- Number 332 |
- March 7, 2011
Super-efficient cells key to low-cost solar power
The Amonix 7700
(CPV) Solar Power Generator,
developed by Amonix and
DOE’s National Renewable
Thinking big while focusing on small, a solar company and a national energy lab combined talents to develop a solar power concentrator that generates electricity at prices competitive with natural gas.
The Amonix 7700 Concentrated Photovoltaic (CPV) Solar Power Generator, developed by Amonix and DOE’s National Renewable Energy Laboratory, is the size of an IMAX screen but costs much less than comparable generators, partly because of the efficiency of its small solar cells. It delivers more "energy per acre" than anything yet available in the solar energy world. The public-private partnership won a 2010 R&D 100 award.
The 7700 uses acrylic Fresnel lenses to concentrate sunlight up to 500 times its usual intensity and direct it onto 7,560 tiny, highly efficient multi-junction PV cells.
The cells, originally developed by NREL scientists, can convert 41.6 percent of the sunlight that shines on them into usable electricity in a laboratory setting, a world record. The multi-junction cells on the Amonix 7700 are achieving 31 percent efficiency at the module level and 27 percent at the system level in the field, the highest ever achieved for an operating CPV concentrator.
A six-inch square silicon wafer in traditional photovoltaic (PV) panels produces about 2.5 watts of electricity. That same-sized wafer, cut into hundreds of square-centimeter cells in the Amonix 7700, each teamed with a Fresnel lens, produces more than 1,500 watts. It reduces the required area for cells 500 times.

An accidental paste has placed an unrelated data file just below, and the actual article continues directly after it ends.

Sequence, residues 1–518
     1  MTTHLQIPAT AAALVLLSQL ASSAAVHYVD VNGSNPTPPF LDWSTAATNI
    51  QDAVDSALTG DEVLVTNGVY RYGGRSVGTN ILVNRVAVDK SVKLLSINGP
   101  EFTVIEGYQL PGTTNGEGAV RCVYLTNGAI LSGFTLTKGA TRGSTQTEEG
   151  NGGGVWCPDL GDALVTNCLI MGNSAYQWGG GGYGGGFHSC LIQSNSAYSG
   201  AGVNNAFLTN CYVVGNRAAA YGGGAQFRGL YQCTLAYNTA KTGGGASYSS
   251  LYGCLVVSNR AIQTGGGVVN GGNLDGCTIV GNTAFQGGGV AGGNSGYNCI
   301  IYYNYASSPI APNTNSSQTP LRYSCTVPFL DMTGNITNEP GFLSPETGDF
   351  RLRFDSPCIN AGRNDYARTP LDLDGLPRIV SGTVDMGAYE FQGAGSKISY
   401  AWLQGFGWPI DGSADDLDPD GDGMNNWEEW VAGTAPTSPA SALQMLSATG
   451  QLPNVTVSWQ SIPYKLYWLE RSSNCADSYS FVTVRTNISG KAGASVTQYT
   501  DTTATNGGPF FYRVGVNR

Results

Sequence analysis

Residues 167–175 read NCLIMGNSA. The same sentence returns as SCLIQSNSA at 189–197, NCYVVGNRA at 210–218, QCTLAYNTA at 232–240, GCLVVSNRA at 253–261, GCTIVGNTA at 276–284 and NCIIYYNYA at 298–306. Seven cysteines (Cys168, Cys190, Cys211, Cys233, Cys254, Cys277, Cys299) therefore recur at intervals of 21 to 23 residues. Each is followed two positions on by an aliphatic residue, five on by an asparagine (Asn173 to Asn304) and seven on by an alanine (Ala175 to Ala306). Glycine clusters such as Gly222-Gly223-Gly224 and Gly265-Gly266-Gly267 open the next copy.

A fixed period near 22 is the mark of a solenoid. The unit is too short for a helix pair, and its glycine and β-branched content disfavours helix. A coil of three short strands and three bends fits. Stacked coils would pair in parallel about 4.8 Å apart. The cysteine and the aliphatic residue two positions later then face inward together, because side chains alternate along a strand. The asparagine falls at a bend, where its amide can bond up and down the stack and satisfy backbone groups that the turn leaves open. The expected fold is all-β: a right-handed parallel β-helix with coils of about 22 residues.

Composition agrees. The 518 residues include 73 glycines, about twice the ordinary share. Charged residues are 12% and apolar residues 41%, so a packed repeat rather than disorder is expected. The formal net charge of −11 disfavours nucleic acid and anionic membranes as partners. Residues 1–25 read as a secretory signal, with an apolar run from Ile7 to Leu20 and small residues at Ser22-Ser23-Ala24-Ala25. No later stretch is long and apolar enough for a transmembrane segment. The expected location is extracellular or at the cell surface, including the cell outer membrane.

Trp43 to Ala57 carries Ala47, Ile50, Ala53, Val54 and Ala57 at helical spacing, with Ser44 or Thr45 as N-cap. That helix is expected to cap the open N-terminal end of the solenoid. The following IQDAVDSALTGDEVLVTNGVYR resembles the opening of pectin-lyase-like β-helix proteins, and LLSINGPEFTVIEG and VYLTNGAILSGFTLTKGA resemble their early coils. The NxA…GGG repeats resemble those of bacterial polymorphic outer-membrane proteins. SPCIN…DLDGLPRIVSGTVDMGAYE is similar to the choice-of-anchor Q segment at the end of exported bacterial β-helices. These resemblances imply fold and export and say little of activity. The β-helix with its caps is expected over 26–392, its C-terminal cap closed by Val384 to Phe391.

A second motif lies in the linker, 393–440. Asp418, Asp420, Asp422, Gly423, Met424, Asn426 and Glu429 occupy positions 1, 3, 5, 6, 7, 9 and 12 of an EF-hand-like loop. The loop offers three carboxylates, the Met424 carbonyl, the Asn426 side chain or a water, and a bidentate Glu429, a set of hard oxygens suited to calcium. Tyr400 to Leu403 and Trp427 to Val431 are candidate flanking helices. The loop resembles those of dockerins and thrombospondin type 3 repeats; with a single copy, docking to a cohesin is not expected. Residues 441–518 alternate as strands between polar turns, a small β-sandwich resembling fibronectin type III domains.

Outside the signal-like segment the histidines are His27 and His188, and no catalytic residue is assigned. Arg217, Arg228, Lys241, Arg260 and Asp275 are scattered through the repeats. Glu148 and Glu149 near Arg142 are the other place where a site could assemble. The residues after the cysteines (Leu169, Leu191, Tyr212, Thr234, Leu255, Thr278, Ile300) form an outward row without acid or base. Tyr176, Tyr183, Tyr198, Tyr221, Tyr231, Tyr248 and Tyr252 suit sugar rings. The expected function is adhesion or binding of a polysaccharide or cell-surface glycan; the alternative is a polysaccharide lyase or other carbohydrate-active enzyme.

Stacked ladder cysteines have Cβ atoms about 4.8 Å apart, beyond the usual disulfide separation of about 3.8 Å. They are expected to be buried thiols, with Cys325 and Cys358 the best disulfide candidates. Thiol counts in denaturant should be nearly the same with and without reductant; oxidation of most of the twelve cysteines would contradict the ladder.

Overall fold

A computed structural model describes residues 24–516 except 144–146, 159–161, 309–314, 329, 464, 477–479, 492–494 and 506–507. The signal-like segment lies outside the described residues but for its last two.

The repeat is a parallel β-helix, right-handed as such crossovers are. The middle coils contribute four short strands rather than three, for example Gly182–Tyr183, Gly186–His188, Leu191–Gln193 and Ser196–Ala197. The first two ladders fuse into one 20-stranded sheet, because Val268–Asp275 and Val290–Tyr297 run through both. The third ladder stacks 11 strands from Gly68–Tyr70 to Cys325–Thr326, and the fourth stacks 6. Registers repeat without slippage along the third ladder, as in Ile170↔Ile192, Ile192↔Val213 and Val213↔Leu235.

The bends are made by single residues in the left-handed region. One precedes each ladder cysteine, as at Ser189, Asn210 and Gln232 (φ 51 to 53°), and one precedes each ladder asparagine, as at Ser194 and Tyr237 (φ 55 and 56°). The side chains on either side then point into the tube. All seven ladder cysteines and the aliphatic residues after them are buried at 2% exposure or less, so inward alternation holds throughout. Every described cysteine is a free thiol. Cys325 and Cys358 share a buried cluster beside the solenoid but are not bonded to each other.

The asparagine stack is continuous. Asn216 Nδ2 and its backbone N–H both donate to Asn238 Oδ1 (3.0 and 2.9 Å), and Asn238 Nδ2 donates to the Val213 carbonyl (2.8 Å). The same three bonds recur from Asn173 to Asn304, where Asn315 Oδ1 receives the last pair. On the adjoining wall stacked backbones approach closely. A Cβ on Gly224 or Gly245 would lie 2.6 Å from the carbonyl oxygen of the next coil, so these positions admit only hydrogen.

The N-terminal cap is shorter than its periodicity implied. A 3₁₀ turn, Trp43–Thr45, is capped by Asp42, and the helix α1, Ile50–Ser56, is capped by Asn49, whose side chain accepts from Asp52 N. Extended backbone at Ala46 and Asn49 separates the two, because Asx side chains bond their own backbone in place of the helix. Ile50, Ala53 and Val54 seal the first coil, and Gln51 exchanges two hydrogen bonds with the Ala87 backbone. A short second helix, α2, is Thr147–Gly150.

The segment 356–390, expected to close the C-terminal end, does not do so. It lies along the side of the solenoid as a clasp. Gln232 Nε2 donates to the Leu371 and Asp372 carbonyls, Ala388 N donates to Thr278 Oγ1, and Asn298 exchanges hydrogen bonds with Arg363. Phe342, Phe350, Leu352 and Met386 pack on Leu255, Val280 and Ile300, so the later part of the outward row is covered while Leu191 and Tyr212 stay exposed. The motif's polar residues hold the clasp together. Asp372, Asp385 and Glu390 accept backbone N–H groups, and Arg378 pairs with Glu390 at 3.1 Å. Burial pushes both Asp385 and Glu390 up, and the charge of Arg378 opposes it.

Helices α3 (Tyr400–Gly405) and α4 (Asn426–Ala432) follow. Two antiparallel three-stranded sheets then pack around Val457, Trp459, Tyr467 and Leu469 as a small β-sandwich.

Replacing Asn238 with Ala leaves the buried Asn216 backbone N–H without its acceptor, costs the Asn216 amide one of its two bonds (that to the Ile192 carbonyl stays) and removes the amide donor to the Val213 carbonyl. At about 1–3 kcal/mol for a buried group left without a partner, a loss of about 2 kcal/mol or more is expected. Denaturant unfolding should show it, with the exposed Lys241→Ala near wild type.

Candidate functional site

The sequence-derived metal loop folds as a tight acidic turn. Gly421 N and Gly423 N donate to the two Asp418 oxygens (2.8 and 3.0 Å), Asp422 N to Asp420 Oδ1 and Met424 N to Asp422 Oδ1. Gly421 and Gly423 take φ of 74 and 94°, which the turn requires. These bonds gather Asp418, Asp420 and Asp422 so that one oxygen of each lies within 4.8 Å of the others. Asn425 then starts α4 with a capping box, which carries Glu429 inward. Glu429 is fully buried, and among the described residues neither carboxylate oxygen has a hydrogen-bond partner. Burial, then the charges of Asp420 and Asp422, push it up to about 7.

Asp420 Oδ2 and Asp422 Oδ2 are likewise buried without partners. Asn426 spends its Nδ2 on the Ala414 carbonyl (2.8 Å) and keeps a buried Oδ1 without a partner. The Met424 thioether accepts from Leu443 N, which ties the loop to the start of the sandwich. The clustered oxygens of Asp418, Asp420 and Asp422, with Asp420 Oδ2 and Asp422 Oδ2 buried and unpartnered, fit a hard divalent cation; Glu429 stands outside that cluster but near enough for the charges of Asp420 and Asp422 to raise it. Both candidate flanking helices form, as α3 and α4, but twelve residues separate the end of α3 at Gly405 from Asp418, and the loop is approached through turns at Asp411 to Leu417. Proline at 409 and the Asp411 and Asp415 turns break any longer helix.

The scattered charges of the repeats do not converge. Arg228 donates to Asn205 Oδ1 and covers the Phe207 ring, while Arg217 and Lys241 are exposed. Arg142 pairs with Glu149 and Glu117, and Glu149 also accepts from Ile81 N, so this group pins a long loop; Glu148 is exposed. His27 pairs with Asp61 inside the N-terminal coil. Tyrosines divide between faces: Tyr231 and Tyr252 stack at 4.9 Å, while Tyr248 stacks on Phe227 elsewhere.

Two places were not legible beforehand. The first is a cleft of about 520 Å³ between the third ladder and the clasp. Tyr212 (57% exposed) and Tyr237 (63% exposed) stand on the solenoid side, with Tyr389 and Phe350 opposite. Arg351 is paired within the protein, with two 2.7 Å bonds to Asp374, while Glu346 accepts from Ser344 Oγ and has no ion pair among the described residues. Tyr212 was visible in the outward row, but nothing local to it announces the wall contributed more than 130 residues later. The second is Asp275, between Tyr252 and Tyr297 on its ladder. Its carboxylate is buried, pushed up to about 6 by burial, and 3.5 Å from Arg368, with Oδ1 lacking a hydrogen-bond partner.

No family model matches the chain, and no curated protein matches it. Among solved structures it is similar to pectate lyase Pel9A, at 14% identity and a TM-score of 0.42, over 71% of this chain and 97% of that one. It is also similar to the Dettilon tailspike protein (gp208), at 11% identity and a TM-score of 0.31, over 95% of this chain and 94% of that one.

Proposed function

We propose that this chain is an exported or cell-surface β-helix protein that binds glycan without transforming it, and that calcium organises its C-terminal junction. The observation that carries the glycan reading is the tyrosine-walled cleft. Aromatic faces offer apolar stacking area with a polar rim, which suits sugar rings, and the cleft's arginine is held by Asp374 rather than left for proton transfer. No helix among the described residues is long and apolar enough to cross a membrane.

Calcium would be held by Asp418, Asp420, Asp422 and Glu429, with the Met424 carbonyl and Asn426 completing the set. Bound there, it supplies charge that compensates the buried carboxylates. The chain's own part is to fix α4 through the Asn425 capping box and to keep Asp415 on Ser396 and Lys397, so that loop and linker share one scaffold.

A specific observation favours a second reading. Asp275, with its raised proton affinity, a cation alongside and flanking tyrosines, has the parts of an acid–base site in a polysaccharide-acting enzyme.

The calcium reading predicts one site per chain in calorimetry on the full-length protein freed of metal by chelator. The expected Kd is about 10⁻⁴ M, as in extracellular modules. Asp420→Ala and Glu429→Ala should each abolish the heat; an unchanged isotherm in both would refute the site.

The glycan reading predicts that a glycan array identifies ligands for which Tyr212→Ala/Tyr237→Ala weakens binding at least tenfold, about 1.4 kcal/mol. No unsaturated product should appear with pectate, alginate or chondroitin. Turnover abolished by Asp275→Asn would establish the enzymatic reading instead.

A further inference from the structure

The key breakthrough that lifted the 7700 to a 50 percent greater power output than previous generations of Amonix generators was the substitution of the multi-junction cells made of gallium indium arsenide and gallium phosphide for the more common silicon cells.
A conundrum was how to use the highly efficient cells without breaking the bank. Researchers solved that problem by teaming an inexpensive Fresnel lens — at less than $2 a pop — with each of the 7,560 high efficiency solar cells that make up one 53-kilowatt 7700 system. The 500-power amplification of the Fresnel lens allowed the solar cells to be tiny — thus a small fraction of the cost of bigger cells — while still packing record-setting efficiency.
Solar energy has found a niche on rooftops, especially of green-minded homeowners. But if it is to play a major role in the broader electricity market, it needs to come in at or below the costs of electricity generated from coal, which is projected to cost from 6 cents to 15 cents per kilowatt-hour in four years. The 7700's cost per kilowatt-hour is expected to be well within those price ranges as production and sales continue to grow.
The concentrator also is kinder to the environment than most large systems, using no water in its operation. Propped up two feet above the land, it doesn't hinder the movement of wildlife. "You simply can't put enough solar systems on rooftops to achieve the scale and capacity necessary to generate electricity in the quantities required by utilities and by society," said Amonix's founder and chief technical officer, Vahan Garboushian. "This is a technology that can meet the terawatt (trillions of watts) needs of the world for clean electricity."
[Bill Scanlon, 303.275.4051,